1948 saw the company restarting in the car business, with the Peugeot 203. More models followed, many elegantly styled by the Italian design firm of Pininfarina. The company began selling cars in the United States in 1958. Like many European manufacturers, collaboration with other firms increased; Peugeot worked with Renault from 1966 and Volvo Cars from 1972.
In 1974 Peugeot bought a 30% share of Citroën, and took it over completely in 1976. Citroën enthusiasts complain that the company's legendary innovation and flair took a downturn with that acquisition. The joint parent company became the PSA (Peugeot Société Anonyme) group, keeping the separate identities of both brands but sharing engineering and technical resources.
The group took over the European division of Chrysler (which were formerly Rootes and Simca), in 1978 as the American auto manufacturer struggled to survive. The factories acquired were worn-out and the models outdated, and the resulting investments caused financial problems for the PSA group. From then on, the whole Chrysler/Simca range was sold under the Talbot badge until production of passenger cars was shelved in 1986. The Peugeot takeover of Chrysler Europe had seen the Chrysler Sunbeam, Horizon, Avenger and Alpine ranges rebadged as Talbots. There were also new Talbots in the early 1980's - the Solara (a saloon version of the Alpine hatchback), the Samba (a small hatchback to replace the Sunbeam) and the Tagora (a large saloon based on Peugeot 505 mechanicals).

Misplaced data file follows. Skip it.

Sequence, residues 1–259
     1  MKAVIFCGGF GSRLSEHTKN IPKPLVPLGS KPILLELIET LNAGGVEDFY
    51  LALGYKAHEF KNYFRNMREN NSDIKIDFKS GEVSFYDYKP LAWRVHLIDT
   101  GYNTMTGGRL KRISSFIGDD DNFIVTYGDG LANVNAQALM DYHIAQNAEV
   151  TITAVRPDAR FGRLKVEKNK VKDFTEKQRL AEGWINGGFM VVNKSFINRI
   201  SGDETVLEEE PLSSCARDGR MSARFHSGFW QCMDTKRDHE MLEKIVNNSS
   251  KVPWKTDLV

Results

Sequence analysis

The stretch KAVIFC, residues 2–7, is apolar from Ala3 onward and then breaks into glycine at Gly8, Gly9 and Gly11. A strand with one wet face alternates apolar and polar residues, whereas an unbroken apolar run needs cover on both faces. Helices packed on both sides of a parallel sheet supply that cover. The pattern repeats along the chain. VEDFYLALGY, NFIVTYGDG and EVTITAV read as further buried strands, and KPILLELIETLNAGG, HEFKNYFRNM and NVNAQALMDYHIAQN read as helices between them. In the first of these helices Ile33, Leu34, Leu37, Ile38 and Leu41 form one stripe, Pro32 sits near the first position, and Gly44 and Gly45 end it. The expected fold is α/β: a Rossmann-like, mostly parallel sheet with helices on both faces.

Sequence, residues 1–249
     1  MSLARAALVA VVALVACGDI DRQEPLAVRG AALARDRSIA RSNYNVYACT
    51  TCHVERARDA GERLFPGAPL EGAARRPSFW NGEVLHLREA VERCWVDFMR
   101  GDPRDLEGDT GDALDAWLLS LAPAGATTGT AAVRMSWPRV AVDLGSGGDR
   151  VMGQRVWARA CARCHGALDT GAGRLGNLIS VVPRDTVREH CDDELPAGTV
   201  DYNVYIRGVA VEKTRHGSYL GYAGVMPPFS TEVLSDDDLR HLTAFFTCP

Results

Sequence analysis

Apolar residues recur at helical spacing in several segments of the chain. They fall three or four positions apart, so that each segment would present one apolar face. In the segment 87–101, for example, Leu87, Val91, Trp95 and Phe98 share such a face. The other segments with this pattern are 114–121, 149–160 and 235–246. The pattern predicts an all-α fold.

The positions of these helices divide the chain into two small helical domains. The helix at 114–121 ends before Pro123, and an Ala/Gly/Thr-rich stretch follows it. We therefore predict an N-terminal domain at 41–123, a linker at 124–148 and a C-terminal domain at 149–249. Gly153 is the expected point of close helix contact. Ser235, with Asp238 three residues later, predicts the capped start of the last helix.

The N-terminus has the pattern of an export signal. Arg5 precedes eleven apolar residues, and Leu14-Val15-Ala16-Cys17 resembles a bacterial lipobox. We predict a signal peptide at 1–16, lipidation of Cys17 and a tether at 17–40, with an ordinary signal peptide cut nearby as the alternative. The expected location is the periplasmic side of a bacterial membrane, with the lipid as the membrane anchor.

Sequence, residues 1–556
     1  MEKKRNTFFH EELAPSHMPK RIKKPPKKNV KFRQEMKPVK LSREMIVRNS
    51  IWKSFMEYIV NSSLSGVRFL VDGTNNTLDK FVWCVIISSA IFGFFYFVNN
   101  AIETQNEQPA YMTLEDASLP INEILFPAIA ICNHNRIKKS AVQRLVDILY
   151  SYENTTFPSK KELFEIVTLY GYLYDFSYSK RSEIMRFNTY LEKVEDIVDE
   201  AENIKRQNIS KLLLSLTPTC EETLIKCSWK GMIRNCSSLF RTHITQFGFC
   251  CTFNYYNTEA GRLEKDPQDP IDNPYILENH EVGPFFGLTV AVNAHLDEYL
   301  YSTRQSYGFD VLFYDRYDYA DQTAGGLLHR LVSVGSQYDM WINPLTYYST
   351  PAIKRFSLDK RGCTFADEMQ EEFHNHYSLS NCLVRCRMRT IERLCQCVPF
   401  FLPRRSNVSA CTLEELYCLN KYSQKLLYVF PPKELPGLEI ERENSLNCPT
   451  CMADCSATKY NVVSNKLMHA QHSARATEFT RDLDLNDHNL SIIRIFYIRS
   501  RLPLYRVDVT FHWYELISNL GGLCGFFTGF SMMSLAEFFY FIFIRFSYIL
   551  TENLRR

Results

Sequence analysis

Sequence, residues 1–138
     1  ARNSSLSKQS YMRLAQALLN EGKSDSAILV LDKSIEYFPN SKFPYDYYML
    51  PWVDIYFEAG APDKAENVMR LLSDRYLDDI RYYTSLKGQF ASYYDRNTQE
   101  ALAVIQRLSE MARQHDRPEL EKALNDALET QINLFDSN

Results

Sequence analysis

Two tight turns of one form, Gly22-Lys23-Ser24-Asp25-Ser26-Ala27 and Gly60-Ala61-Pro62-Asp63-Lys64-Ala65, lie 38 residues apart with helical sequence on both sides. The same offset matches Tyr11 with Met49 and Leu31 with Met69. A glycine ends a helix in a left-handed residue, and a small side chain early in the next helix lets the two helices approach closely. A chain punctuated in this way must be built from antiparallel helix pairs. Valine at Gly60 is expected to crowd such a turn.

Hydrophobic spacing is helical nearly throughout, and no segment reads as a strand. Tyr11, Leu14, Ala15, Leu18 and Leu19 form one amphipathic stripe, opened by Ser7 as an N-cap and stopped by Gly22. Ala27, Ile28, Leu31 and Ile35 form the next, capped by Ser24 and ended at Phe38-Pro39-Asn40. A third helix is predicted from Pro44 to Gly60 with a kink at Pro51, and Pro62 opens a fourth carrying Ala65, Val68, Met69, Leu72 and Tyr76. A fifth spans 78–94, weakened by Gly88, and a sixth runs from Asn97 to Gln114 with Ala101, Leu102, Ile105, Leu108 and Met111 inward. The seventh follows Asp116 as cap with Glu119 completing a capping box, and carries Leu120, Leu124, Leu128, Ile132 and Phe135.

The company has had much success in international rallying, notably with the durable Peugeot 504, highly developed four-wheel-drive turbo-charged versions of the Peugeot 205, and more recently the Peugeot 206. Peugeot currently campaigns the Peugeot 307cc in the World Rally Championship. Peugeot won the grueling Paris Dakar Rally each year from 1987 to 1990.
Peugeot Model Numbers
Peugeot names the models of their cars in the x0y format; x describes the size of the car (and hence its class), whereas y describes the model number (the higher the number, the newer the model). Therefore, a Peugeot 406 is bigger and newer than a Peugeot 305. This general rule has its exceptions, for instance the Peugeot 309 was produced before the Peugeot 306. Another exception is certain variants, such as the 206 SW, which is around the size of a 40y car.
This tradition began in 1929 with the launch of the 201. All numbers from 101 to 909 have been deposited as trademarks. Although in 1963 Porsche was forced to change the name of its new 901 coupé to 911, certain Ferraris and Bristols have been allowed to keep their Peugeot-style model numbers. An unsubstantiated explanation for the central '0' is that on early models the number appeared on a plate on the front of the car, with the hole for the starting handle coinciding with the zero.
Peugeot is planning to use a four digit system in the future, with a double zero in the middle. It was tested with the 4002 concept car. The 1007 will be using this system when it is launched in 2005.
Peugeot has produced three winners of the European Car of the Year award.
Other Peugeot models have come either second or third in the contest.
The common French pronunciation of "Peugeot" is "POOzho" (IPA 'puːʒoʊ). In British English, it is usually pronounced "PERzho" (IPA 'pɚʒoʊ), while Americans often used "pooZHO" (IPA puː'ʒoʊ) instead. In some countries, "PYOOzho" ('pjuːʒoʊ) is encountered.
- 104, 106, 107
- 201 , 202 , 203 , 204, 205, 206, 207
- 301 , 302 , 304 , 305 , 306, 307, 309
- 401 , 402 , 403, 404, 405, 406, 407
- 504, 505
- 601 , 604 , 605, 607
- 806, 807
- 905 , 907